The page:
Next Edition: Choosing the kind of woman you want your daughter to be
It’s great to be invited to write for the Catholic Schools of Sydney! I will start this edition with boys, and next time write about girls. And sometimes – quite often, about both! As we are learning, kids are on a continuum really, with just a few major differences. But here goes ….
When you first discovered you were going to have a boy, how did you feel? What thoughts and images sprang to mind, and were they good ones? The world is changing its ideas of what it wants in men.
We don’t want men who can wrestle buffaloes any more! Some things are constant, but others are new.
If you are a parent of a boy, its great to have a good think about what kind of man you are wanting to make.
Often in a workshop I ask people to call out what qualities they like most in a man. There are some ribald comments to begin with! But then it gets very serious and heartfelt.
The comments from women are somewhat poignant, perhaps reflecting what they have NOT received from the men in their lives.
Kindness comes high on the list, trustworthiness, being good humoured. Self-sacrificing. Patient. Positive.
Boiled down, there are two main qualities in what makes a good man, and in fact a good human being. Heart and backbone.
Heart is the capacity for being kind and looking out for other people. Boys who are warm-hearted make the best friends, girls really like them, and they actually have more fun in life.
It’s a core of our faith tradition – that happiness comes when you don’t put yourself at the centre. So, when you encourage your four-year-old boy to care for his baby sister, or even his pet or toy, you teach him gentleness and pride in caring that will become lifelong.
Backbone, the other quality we want, is the capacity to hold fast. To be true to your word. Hang in and finish something hard. Be reliable with commitments or promises. You have to teach boys about this, and let them know this is what manliness means.
Strength is a mental thing, it’s got nothing to do with muscles. Sticking up for a friend. Disagreeing when others say something stupid or hurtful. Your son will know already that this takes courage, and courage is something boys admire.
Sooner or later, these qualities will be a matter of life and death. So you can’t start too soon. When your son shows these qualities, TELL HIM. It will become a part of who he thinks he is, and just grow stronger.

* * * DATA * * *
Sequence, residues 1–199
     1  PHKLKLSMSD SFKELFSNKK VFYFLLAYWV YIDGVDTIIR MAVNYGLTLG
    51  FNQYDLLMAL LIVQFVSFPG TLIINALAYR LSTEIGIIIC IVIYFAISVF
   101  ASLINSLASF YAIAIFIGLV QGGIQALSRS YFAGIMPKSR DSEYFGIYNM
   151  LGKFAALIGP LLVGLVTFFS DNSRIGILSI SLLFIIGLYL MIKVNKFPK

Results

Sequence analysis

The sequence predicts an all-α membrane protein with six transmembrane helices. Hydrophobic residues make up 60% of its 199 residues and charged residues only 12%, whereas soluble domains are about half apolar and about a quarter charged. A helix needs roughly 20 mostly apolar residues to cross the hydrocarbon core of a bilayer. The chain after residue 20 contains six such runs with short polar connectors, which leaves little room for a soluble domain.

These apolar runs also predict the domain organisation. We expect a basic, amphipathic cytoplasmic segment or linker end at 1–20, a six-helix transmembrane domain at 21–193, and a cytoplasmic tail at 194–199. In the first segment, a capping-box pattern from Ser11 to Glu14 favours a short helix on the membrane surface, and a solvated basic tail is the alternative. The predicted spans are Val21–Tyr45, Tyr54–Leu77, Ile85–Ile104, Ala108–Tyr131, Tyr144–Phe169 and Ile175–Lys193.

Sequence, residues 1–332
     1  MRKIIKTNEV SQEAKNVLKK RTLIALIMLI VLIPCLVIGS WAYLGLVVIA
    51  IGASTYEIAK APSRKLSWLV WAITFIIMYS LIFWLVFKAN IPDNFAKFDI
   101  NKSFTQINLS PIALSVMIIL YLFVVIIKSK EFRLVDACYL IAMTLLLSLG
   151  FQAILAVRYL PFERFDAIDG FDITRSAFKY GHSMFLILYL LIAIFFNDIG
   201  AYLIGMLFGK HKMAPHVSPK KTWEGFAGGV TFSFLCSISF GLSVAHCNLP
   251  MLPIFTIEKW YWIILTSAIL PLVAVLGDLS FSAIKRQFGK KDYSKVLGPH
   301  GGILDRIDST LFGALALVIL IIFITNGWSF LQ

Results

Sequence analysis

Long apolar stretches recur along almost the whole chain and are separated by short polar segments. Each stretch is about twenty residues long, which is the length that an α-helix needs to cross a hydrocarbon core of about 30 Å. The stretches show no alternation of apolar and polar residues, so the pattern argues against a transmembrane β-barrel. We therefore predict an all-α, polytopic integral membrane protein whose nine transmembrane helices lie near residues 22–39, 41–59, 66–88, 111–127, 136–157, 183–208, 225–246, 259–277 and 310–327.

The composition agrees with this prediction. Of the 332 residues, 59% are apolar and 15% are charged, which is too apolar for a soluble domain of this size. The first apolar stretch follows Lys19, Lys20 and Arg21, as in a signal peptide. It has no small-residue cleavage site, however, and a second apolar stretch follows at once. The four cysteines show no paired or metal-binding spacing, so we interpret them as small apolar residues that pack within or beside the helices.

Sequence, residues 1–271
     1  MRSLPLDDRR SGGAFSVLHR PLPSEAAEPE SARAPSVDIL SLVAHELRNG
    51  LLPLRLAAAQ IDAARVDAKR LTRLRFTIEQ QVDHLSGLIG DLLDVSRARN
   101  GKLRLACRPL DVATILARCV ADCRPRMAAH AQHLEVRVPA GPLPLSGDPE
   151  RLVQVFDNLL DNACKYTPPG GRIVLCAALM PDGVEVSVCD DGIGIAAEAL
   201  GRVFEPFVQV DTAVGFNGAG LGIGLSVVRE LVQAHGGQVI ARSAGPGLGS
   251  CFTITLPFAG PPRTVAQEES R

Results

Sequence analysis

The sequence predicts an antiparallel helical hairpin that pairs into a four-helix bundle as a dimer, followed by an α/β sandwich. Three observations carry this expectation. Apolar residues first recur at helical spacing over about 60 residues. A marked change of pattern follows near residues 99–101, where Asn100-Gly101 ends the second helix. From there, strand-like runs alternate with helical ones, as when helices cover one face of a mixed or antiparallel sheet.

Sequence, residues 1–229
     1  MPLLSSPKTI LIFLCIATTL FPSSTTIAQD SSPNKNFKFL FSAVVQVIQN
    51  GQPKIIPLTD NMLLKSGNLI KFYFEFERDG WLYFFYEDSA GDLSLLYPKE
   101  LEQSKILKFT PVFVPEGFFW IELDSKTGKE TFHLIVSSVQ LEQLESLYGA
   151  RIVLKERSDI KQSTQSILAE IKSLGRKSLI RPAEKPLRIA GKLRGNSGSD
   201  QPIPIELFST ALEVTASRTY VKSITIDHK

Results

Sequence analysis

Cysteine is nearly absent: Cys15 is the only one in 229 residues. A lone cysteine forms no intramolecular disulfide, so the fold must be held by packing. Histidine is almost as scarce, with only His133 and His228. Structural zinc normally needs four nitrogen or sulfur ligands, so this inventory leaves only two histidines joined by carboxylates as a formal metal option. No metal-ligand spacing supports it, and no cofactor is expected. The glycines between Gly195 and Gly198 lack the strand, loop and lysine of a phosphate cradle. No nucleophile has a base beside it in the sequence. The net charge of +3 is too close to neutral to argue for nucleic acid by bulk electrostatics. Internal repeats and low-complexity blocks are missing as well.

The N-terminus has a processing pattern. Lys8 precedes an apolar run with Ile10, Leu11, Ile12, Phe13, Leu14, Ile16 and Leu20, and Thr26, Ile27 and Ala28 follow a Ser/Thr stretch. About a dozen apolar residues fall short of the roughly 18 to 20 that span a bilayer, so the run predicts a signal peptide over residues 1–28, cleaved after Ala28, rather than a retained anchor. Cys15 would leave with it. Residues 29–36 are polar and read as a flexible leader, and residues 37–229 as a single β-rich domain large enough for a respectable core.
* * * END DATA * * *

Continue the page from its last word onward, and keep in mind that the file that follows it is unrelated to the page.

A boy I heard about recently was at a teenage girl’s birthday party where the parents seemed to have vacated the scene. Alcohol was abundant, in other words, it was a disaster waiting to happen. One of the girls had way too much to drink, and already not over-dressed, was now lying in disarray on a couch, close to passing out.
In the half dark and loud music, some boys began to touch her, then paw her more obviously, daring each other to go further, laughing and scoffing in their own alcohol-fuelled haze. The boy I know said, “Hey guys, leave her alone, she’s had way too much to drink, she needs help”. And moved in closer, inserting himself into the picture.
There was an anxious moment as to what would happen next. He took the girl’s phone, and called her parents to come and take her home. Then sat with a glare until the other boys got the message, or felt shamed enough, and with some scornful remarks, moved off for greener pastures.
As boys enter their teens, we have to talk with them about specific situations like this – what would you do if…? This makes it more likely that they will be able to think on the spot – something all of us find hard to do. Celia Lashley, who was a prison warder in New Zealand before becoming a “boy champion”, said that most of the men in her prison were there because of a decision made in five seconds.
Raising your son to be a good man needs to be a deliberate project, which he knows you are set on carrying out. Talk lots about what a good person, and a good man, is, and he will be well on the way.
Steve Biddulph is the author of Raising Boys in the 21st Century And The New Manhood. He will be back in Sydney in August, details at www.stevebiddulph.com